Jan 172014
 

Happy New year, Super Baby Food fans! It is a whole new year and you have decided to try making your own baby food. Good for you and your family!  You will soon learn that it is much easier than you thought to make organic, homemade, tasty baby food.  Before you get started, though, here are a few safety measures to keep in mind and put into practice when making your own baby food.  For those of you who already do make your own baby food, consider this a mini-refresher course.  Please add your own additional safety ideas and tips in the comment section.

Baby Food Preparation Safety TIps

  • Wash your hands…So simple, I know, but always the first step!  Wash, wash, wash!
  • Wash your produce – both fruits and vegetables – even if it is organic…wash, wash, wash.  As you may already know some fruits and vegetables are ‘dirtier” than others…Check out EWG’s dirty dozen and clean 15 for a refresher.
  • Thoroughly clean all food preparation surface areas and utensils with hot, soapy water – the counter surfaces, the high chair tray surface and all of your utensils and operating equipment, including blenders, food processors, etc. (For more information on high chair safety click on the link.)
  • Beware of bacteria! Moisture and warmth can equal bacterial growth! Yuck! To get food cooled as quickly as possible, store it in small and/or shallow containers (you know from the 3rd edition of Super Baby Food that I prefer glass or stainless steel containers)
  • Do not leave prepared baby food at room temperature for more than a few minutes. Serve it right away or freeze it for later use.
  • Thaw all foods in the refrigerator and never refreeze food that has been cooked then frozen and then thawed.

Baby Food Precautions

  • Baby food can be spoiled without necessarily smelling bad. When in doubt, throw it out.
  • Any leftover homemade or commercial baby food or juice that has come in contact with your baby’s saliva must be discarded.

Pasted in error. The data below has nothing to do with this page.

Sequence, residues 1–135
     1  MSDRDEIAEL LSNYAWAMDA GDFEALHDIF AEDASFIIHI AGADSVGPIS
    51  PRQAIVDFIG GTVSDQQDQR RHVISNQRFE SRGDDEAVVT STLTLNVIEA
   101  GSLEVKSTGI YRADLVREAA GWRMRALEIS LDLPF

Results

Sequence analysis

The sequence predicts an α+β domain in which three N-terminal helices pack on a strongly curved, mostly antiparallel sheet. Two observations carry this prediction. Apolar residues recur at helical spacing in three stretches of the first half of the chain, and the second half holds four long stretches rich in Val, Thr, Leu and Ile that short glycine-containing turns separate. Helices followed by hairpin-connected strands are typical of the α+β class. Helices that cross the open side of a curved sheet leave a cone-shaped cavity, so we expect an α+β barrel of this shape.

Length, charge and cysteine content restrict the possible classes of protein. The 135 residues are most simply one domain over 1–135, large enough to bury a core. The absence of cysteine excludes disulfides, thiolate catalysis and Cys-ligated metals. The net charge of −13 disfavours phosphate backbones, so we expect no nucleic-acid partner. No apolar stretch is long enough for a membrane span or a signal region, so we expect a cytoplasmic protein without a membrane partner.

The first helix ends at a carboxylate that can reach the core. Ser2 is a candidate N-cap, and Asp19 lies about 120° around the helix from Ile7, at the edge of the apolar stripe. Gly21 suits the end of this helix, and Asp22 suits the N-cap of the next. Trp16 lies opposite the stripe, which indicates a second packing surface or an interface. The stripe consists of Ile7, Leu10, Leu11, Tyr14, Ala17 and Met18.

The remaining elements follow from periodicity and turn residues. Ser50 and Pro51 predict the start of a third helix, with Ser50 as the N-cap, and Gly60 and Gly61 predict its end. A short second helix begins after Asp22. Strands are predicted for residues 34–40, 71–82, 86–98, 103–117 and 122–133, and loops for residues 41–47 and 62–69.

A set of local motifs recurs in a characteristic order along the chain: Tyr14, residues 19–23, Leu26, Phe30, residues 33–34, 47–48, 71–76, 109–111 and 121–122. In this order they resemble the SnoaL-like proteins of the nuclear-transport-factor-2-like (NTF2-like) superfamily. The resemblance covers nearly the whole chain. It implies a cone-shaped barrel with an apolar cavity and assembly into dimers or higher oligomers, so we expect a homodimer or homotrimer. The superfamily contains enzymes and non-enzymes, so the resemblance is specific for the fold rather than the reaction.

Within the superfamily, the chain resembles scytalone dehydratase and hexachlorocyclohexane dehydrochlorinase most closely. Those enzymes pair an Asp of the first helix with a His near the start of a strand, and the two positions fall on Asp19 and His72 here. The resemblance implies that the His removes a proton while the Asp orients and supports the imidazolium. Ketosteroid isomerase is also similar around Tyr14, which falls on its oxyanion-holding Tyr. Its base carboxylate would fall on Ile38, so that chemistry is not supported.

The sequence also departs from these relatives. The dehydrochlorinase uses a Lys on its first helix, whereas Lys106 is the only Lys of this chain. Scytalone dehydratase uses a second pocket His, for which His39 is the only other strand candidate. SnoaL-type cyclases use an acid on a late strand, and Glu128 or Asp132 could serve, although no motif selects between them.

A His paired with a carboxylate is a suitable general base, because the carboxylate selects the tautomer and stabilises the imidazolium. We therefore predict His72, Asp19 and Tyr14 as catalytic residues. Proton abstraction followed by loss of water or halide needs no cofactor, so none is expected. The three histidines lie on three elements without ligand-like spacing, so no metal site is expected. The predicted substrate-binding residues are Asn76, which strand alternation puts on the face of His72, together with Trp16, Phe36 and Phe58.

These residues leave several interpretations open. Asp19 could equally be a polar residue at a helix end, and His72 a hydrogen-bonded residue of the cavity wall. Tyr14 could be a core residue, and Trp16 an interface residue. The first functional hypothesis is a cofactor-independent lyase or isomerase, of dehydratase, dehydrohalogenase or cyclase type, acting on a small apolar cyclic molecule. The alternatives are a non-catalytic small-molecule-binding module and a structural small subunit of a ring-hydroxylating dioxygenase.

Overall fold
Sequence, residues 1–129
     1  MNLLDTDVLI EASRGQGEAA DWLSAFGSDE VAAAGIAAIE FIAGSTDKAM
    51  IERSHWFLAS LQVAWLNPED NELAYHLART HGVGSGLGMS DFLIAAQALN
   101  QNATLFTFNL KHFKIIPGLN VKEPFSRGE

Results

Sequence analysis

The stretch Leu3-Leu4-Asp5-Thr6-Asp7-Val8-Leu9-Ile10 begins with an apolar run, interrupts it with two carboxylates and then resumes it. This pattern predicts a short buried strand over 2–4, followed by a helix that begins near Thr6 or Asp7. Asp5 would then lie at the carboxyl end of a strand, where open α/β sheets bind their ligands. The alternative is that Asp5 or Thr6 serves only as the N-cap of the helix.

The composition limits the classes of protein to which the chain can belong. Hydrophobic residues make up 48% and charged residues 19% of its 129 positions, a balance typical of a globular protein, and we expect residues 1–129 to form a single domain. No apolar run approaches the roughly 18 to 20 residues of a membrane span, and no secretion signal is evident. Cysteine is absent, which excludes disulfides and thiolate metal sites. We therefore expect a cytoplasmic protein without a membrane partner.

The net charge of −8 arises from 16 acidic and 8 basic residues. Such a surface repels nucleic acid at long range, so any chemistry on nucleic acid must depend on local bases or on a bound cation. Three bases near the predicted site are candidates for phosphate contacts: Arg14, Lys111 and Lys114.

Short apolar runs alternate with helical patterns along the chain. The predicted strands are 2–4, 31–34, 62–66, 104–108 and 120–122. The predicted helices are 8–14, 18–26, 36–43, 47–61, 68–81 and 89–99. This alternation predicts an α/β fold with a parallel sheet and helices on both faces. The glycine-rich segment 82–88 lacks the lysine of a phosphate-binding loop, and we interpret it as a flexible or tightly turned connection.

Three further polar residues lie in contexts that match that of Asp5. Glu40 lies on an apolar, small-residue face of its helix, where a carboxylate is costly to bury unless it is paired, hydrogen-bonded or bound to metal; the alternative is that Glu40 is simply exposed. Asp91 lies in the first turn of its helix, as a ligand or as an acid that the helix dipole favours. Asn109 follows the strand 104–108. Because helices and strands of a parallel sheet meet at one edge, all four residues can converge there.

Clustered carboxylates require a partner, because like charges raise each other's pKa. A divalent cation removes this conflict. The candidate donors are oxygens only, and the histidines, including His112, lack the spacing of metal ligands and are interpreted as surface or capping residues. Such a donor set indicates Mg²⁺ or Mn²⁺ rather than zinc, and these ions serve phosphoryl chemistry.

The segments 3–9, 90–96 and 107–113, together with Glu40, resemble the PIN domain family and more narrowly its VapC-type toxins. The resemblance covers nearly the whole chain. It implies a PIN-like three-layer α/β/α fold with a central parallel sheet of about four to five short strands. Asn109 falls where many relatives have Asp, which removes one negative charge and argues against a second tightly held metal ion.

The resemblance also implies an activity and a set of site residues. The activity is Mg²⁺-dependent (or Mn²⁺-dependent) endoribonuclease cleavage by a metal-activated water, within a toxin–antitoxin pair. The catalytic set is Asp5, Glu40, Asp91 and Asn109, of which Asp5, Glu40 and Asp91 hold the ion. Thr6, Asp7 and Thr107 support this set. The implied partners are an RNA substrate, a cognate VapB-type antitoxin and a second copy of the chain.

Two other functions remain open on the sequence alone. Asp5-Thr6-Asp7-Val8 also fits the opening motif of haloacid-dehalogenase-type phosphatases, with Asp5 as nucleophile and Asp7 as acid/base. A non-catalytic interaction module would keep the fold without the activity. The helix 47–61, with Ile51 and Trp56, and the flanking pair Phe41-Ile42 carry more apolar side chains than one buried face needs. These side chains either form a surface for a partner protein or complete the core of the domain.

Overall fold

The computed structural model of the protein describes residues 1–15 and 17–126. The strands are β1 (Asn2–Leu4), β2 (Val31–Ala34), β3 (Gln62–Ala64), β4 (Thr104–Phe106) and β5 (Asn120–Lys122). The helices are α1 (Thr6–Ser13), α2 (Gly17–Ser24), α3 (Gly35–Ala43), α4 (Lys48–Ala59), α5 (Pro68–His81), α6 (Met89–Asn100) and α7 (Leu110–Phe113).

• Commercial baby food jars (I know you are only using commercial baby food in a pinch;)) must “pop” when opened to insure the content’s freshness!
  • If commercial infant/baby/toddler cereal has been mixed with liquid, serve it immediately and discard the leftovers.

For many more safety tips on baby food preparation safety and baby food safety, be sure to check out the new edition of  Super Baby Food, now available on Smashwords!  There are  three chapters in an entire section of the book dedicated to safety. It is very important! Please share your own safety tips developed along the way with me!

 

 

 

 

 

 

Jun 052011
 
raw-dairy-products-for-baby

Moms Are Talking About…

Raw Dairy Products for Their Baby.  We asked Ruth, Are raw dairy products  safe to feed to baby?

Ruth says:

In a word – “Nope”

Here’s why:

Milk and cheese made from raw milk have not been pasteurized–heated sufficiently to kill dangerous bacteria. The American Academy of Pediatrics and the American Dietetic Association say to NOT feed any baby milk, cheese, or any dairy products that are raw (have not been pasteurized).  Babies’ immune systems are not mature enough to fight bacteria that might have contaminated them and some bacteria could be lethal.  Anyone who is “immunocompromised” should not eat raw dairy products, including babies and young children, the elderly, and those with an illness.  And I believe the Food and Drug Administration (FDA) and the Centers for Disease Control (CDC) recommend that NO ONE, even very healthy adults, should eat raw dairy products, especially those who are immunocompromised.